Judith Cummings, a veteran journalist, was found dead in her Detroit home on May 6. The cause of death has not been determined.
Cummings was the first African-American to be in charge of a national bureau at the New York Times in 1985. Cummings was born on Dec. 27, 1945, in Detroit and attended Howard University, where she received her bachelor's degree in 1967.
In 1971, her career in journalism began after she was recruited by the Times in their minority training program. Prior to this, she was a speech writer for Clifford L. Alexander Jr., the head of the Equal Employment Opportunity Commission in Washington, D.C.
From 1972 to 1979, Cummings was a general assignment reporter for the Times, where she covered crime and major events in New York City. Unsatisfied with the fact that Blacks and other minorities were pigeonholed into covering local beats, she joined others in filing a federal lawsuit against the paper for neglecting to promote journalists of color to cover national stories.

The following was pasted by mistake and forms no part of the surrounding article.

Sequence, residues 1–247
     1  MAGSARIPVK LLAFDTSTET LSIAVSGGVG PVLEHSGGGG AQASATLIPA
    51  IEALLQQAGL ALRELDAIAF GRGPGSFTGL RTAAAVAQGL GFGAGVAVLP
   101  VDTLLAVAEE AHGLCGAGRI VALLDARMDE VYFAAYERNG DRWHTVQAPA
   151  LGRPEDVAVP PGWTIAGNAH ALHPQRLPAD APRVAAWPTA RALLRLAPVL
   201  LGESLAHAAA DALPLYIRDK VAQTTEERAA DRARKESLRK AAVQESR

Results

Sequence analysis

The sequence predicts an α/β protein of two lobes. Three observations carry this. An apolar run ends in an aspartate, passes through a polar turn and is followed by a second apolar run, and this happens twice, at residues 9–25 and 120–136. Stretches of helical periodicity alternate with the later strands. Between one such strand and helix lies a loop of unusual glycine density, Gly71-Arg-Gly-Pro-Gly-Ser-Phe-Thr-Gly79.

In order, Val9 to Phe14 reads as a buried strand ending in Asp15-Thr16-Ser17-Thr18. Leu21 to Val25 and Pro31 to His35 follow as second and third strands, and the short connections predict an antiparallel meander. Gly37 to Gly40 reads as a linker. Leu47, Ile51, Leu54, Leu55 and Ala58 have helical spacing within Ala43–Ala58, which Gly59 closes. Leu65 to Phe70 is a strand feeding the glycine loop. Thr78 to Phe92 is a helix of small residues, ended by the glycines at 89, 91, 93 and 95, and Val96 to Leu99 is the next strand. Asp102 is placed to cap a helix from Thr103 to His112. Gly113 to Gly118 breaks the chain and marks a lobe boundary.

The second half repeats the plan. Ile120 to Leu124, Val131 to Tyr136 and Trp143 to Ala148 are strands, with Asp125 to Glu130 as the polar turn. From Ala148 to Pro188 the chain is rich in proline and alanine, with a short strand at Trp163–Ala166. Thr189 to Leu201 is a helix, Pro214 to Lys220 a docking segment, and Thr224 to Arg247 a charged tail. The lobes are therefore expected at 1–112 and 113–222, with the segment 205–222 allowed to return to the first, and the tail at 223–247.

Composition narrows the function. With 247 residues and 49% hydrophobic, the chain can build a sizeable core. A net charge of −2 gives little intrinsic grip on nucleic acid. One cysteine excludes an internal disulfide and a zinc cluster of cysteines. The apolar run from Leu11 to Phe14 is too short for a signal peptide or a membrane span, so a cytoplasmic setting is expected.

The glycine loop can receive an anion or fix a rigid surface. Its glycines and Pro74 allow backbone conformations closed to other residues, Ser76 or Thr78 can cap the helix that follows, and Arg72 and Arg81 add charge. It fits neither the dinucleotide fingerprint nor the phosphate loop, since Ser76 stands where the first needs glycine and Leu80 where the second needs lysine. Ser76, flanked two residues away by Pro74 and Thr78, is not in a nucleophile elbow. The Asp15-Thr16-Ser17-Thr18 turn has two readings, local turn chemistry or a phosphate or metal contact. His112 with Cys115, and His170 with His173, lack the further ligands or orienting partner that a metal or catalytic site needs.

The Times agreed in a settlement to expand their minority hiring, training and promotional practices. Cummings became a correspondent for the Los Angeles area in September 1981 and became the bureau chief four years later.
In 1988, Cummings retired to care for her parents.
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(Photo: The Detroit Free Press)
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